Other objects, advantages and novel features, and further scope of applicability of the present invention will be set forth in part in the detailed description to follow, taken in conjunction with the accompanying drawings, and in part will become apparent to those skilled in the art upon examination of the following, or may be learned by practice of the invention. The objects and advantages of the invention may be realized and attained by means of the instrumentalities and combinations particularly pointed out in the appended claims.
The accompanying drawings, which are incorporated into and form a part of the specification, illustrate several embodiments of the present invention and, together with the description, serve to explain the principles of the invention. The drawings are only for the purpose of illustrating a preferred embodiment of the invention and are not to be construed as limiting the invention. In the drawings:
FIG. 1 is a front view of the preferred Christmas light wrapping apparatus of the present invention;
FIG. 2 depicts the preferred wrapping tray;
FIG. 3 shows the preferred Christmas light wrapping apparatus in operation; and
FIG. 4 is a perspective view of he preferred storage box.
Several devices and systems he been utilized to wrap and store Christmas lights. Proper wrapping and storage facilitates reuse of the light strings and keeps the fragile bulbs from breaking during storage.
FIG. 1 depicts the preferred Christmas light wrapper of the preferred invention. Wrapping tray 10 is removably attached to base 12 as shown. Crankshaft 14 is inserted into one end of wrapping tray 10 along with driver pin 16. Grip knob 18 with grip knob shaft 22 is pulled back and then inserted into the other end of wrapping tray 10. Tension is placed on wrapping tray 10 to keep it snug on crank shaft 14 and drive pin 16 by spring 20, or the like. Although a spring is shown in FIG. 1, this disclosure is intended to include other tension supplying apparatuses such as leaf springs, threads on grip knob shaft 22 and other well known methods in the art (not shown). In addition, more than one drive pin can be utilized (not shown).
The preferred wrapping tray is shown in FIG. 2. Each wrapping tray 10 is made for easy installation and removal from the base. In addition, each can be constructed for easy and inexpensive manufacture from a variety of plastics, metals, wood, or the like. Each tray has mirror image holes 24, 24', 26 and 26' on each side. Center hole 24 and 24' accommodates either crank shaft 14 or grip knob shaft 22 of FIG. 1. Drive pin holes 26 and 26' are formed or drilled as shown. In this fashion, wrapping tray 10 can be mounted on the base 12 without having to line up the correct ends or orientation. Wrapping tray 10 can have indented sections 28 for keeping each string of lights separate from others and to keep bulbs from breaking when placed in storage, as further described below. Although three indented sections 28 are depicted, each wrapping tray 10 can have fewer or more indented sections 28. Slots 30 can be provided for inserting one or both ends of the Christmas light strings.
To utilize the preferred Christmas light wrapper, wrapper tray 10 is mounted onto base 12 by guiding center hole 24 and driver pin hole 26 over crankshaft 14 and driver pin 16, as shown in FIG. 3. Grip knob 18 is pulled back and wrapper tray 10 is placed so center hole 24' is aligned with grip knob shaft, and grip knob 18 is released with tension from spring 20 keeping wrapper tray 10 in place. One end of a string of Christmas lights is wedged into slot 30. Crank 32 is turned in either a clockwise or counterclockwise direction until the entire light string is wrapped around wrapper tray 10. In addition to manually turning crankshaft 14, it can be turned with a motor, an electric drill or the like (not shown). Once the first string is wrapped, a second light string can be started on a next indented section 28, and the process repeated until all indented sections 28 are utilized or all light strings are wrapped. Once the wrapper tray 10 is full or contains as many light strings as the user desires, another wrapper tray can be mounted onto base 12 for use.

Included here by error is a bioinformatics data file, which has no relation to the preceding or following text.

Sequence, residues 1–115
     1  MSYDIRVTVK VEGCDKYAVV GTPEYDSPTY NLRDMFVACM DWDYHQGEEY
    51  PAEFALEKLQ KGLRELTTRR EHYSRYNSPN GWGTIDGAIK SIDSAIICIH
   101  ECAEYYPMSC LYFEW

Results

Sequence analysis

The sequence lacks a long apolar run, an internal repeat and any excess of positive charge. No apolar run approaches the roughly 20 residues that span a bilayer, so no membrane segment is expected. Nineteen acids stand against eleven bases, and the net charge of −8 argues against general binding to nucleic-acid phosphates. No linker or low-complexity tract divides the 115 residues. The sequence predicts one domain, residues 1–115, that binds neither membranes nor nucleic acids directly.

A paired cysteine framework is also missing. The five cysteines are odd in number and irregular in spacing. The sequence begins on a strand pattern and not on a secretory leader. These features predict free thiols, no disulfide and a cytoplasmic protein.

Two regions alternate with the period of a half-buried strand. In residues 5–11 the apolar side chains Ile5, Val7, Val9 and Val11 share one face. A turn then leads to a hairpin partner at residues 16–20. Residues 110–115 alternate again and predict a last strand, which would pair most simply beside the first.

The preferred storage box for wrapper trays 10 is shown in FIG. 4. Storage box 34 can be fabricated from the same materials as wrapper trays 10. Each storage box 34 is constructed to enclose one or more wrapper trays to keep items from breaking the light bulbs and getting entangled with the wires and also to keep each of the wrapper trays 10 separated while in storage. As previously described, each wrapper tray 10 has indented sections 28 for keeping light strings separated. Each indented section 28 should have an indentation sufficiently deep so that when wrapper tray 10 is placed inside of storage box 34, the light bulbs do not absorb the weight of wrapper tray 10, no matter what direction storage box 34 is set. Dividers 36 keep each wrapper tray 10 separated. Dividers 36 can be dowel pins, "L" brackets or other well known apparatuses in the art. Sides 38 of storage box 34 should be of sufficient height to cover the wrapper trays 10. In addition, a top 40 can be provide to fully enclose the wrapper trays 10.
Although the invention has been described in detail with particular reference to these preferred embodiments, other embodiments can achieve the same results. Variations and modifications of the present invention will be obvious to those skilled in the art and it is intended to cover in the appended claims all such modifications and equivalents. The entire disclosures of all references, applications, patents, and publications cited above, are hereby incorporated by reference.
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|U.S. Classification||53/430, 206/702, 206/420, 242/395, 242/407, 206/419, 53/116, 53/390, 242/388.6|
|International Classification||B65B63/04, B65H75/06, B65D25/10|
|Cooperative Classification||F21S4/10, F21W2121/00, B65D25/107, B65H2701/3915, B65H75/06, F21V17/007, B65B63/04|
|European Classification||B65B63/04, B65D25/10F, B65H75/06|
|Jan 3, 2001||FPAY||Fee payment|
Year of fee payment: 4
|Mar 23, 2005||REMI||Maintenance fee reminder mailed|
|Sep 2, 2005||LAPS||Lapse for failure to pay maintenance fees|
|Nov 1, 2005||FP||Expired due to failure to pay maintenance fee|
Effective date: 20050902